Australian Space Science Conference 2011
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Duncan Steel

Space Reconnaissance: Scanning the Sky with an Optical Arecibo

Duncan Steel
Australian Centre for Astrobiology, University of NSW

Harrison Steel
Wesley College, University of Sydney

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     Last modified: July 29, 2011

A novel optical design is described for a sky-scanning search/reconnaissance instrument, intended primarily to be used to discover small, fast-moving asteroids comparatively close to Earth (within 0.5 AU) although it might also have applications for identifying other classes of object both in deep space (main-belt asteroids, distant comets and minor planets) and near space (satellites and debris in geocentric orbits).

The concept is based on a large, segmented, spherical primary mirror that has no moving parts and scans across the sky purely due to the Earth’s diurnal rotation. It might therefore be thought of as being an optical counterpart of the Arecibo radio/radar telescope in Puerto Rico.
This system is visualised as being built into a 30-metre wide concavity near ground level which is shaped as the cap of a sphere with half-angle 45 degrees and rotational symmetry about a vertical axis. That concave depression would be largely covered with ~1,000 identical hexagonal spherical mirrors each one-metre across. These mirrors could be of relatively poor quality, for example being produced by slumping centimetre-thick optical blanks into moulds in an oven before their concave reflecting surfaces are aluminised.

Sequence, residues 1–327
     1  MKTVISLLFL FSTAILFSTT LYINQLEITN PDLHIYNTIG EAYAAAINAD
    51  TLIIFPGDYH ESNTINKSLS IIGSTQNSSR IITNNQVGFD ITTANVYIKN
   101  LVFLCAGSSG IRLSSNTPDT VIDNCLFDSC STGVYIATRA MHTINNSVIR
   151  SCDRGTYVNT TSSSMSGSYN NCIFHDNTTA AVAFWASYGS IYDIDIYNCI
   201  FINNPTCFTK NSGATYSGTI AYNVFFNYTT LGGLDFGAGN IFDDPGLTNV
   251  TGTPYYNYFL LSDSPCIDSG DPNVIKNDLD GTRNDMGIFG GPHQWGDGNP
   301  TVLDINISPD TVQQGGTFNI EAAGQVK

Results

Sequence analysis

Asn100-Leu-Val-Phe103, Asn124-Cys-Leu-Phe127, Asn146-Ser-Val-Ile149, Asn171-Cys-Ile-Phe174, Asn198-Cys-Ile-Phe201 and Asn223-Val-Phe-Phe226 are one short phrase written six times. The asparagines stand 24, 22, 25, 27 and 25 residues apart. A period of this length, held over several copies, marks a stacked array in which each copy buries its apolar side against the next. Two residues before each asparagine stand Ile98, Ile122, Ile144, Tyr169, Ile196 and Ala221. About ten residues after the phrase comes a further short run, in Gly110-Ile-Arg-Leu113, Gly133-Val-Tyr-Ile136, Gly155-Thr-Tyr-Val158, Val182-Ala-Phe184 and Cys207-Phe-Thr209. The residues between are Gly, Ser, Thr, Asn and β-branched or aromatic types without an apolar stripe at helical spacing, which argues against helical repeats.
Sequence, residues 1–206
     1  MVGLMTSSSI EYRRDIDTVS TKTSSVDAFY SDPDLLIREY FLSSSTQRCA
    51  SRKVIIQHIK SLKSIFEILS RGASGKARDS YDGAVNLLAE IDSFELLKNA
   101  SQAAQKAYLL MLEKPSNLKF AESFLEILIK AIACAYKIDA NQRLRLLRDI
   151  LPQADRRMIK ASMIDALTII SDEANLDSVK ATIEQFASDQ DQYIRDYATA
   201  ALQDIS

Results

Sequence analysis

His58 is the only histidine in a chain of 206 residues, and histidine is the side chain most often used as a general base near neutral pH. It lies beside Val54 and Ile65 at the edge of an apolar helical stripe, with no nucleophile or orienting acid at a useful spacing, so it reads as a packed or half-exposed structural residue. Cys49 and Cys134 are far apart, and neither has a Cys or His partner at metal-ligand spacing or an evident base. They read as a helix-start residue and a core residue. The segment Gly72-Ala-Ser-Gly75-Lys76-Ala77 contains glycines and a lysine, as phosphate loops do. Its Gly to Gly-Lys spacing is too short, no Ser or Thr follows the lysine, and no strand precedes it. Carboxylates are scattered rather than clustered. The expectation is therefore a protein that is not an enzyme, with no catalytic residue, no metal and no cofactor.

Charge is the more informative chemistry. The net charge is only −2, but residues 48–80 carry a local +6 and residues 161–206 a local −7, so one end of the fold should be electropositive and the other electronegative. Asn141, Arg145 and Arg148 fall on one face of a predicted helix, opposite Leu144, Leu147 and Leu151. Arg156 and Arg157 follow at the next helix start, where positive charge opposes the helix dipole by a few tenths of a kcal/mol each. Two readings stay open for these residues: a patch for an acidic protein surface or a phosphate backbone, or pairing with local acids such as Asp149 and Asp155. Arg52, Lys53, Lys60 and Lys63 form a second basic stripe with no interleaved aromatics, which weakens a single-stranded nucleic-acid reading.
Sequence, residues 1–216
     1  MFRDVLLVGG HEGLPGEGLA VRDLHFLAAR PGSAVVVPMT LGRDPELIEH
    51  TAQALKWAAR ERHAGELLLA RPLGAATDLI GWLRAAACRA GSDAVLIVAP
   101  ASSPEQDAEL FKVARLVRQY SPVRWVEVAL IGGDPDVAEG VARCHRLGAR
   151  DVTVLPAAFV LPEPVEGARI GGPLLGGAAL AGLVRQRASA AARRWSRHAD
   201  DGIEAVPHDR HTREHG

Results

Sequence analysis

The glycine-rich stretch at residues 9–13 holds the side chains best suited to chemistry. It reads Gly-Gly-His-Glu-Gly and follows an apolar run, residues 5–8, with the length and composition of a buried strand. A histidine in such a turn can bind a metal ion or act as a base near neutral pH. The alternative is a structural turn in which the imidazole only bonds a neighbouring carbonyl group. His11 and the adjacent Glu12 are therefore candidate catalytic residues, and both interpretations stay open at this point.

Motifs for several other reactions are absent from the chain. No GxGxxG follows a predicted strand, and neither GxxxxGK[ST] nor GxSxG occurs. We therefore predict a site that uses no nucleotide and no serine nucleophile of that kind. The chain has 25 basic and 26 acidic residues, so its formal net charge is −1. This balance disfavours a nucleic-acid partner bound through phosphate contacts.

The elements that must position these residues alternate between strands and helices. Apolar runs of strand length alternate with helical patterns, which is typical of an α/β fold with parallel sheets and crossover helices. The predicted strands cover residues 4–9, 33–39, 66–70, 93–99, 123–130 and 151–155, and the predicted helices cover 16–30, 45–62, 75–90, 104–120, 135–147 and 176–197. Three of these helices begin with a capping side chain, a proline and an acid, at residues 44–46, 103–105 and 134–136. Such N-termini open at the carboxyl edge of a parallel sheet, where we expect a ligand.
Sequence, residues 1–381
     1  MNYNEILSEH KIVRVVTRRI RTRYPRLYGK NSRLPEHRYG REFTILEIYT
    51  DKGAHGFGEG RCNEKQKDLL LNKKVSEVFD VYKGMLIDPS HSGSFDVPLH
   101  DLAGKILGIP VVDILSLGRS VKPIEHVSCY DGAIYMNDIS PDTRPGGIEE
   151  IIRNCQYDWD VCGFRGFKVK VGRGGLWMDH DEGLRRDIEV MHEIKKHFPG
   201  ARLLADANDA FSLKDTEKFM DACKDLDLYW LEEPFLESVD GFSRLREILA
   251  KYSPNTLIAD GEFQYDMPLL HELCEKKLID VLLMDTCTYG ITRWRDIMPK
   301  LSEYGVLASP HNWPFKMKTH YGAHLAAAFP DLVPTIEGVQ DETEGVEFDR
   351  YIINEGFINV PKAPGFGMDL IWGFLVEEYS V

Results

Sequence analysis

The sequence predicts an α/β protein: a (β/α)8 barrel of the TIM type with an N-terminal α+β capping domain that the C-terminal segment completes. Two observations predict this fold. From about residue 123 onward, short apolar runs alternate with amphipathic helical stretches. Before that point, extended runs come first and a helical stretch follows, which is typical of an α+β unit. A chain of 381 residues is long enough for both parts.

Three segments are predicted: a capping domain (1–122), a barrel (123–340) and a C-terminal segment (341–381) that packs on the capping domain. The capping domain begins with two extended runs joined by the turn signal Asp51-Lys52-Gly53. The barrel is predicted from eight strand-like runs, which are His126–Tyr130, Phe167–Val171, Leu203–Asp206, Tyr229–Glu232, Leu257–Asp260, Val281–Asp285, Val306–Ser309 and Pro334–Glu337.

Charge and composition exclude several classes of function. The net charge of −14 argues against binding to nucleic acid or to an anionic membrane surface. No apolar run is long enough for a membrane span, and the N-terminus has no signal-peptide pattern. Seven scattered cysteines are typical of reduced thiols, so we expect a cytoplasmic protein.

In front of the prime focus a cluster of high-quality convex hyperbolic secondary mirrors perform first-order correction of the spherical aberration produced by the primary mirrors. Occluding baffles would be used to restrict the light paths reaching these secondary mirrors to those reflected from the primary mirror segments within ~3 metres of the image positions (i.e. each of the ~100 image positions – located below the primary mirror surface – would be served by only a limited area of the 30-m wide assembly of hexagonal segments). On the other hand, each primary mirror segment would contribute light to several secondaries/images.

Coma, astigmatism and field curvature might be reduced or corrected by auxiliary refractive optics close in front of the image plane. Sky scanning for asteroids often employs a V or R filter, and with a similar narrow band-pass filter in use here the blurring due to the relatively crude primary mirror optics might be ameliorated through the use of holographic correctors placed close in front of the image detectors. Continuous sky-scanning is accomplished by reading out the CCDs column-by-column at the diurnal rotation rate, with image strips from detectors covering identical declinations but different hour angles being compared to identify moving objects. The only moving parts in the whole system would be the slowly-turning CCD detectors, compensating for field rotation.

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